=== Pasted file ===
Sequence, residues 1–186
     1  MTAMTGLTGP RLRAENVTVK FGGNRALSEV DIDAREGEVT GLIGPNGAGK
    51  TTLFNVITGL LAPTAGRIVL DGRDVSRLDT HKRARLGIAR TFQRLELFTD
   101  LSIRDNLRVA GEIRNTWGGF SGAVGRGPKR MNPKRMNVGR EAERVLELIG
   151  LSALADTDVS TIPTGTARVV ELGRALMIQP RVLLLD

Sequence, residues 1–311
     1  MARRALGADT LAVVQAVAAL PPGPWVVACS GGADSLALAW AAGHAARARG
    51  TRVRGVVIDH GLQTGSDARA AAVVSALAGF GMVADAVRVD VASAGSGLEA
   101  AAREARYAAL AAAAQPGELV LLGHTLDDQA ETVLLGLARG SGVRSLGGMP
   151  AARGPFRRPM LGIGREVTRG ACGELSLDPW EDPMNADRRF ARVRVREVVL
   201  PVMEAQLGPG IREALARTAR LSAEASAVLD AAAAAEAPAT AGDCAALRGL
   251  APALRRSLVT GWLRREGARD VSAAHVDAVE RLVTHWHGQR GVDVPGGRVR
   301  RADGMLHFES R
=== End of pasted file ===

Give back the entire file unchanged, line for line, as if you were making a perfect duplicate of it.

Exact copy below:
Sequence, residues 1–186
     1  MTAMTGLTGP RLRAENVTVK FGGNRALSEV DIDAREGEVT GLIGPNGAGK
    51  TTLFNVITGL LAPTAGRIVL DGRDVSRLDT HKRARLGIAR TFQRLELFTD
   101  LSIRDNLRVA GEIRNTWGGF SGAVGRGPKR MNPKRMNVGR EAERVLELIG
   151  LSALADTDVS TIPTGTARVV ELGRALMIQP RVLLLD

Sequence, residues 1–311
     1  MARRALGADT LAVVQAVAAL PPGPWVVACS GGADSLALAW AAGHAARARG
    51  TRVRGVVIDH GLQTGSDARA AAVVSALAGF GMVADAVRVD VASAGSGLEA
   101  AAREARYAAL AAAAQPGELV LLGHTLDDQA ETVLLGLARG SGVRSLGGMP
   151  AARGPFRRPM LGIGREVTRG ACGELSLDPW EDPMNADRRF ARVRVREVVL
   201  PVMEAQLGPG IREALARTAR LSAEASAVLD AAAAAEAPAT AGDCAALRGL
   251  APALRRSLVT GWLRREGARD VSAAHVDAVE RLVTHWHGQR GVDVPGGRVR
   301  RADGMLHFES R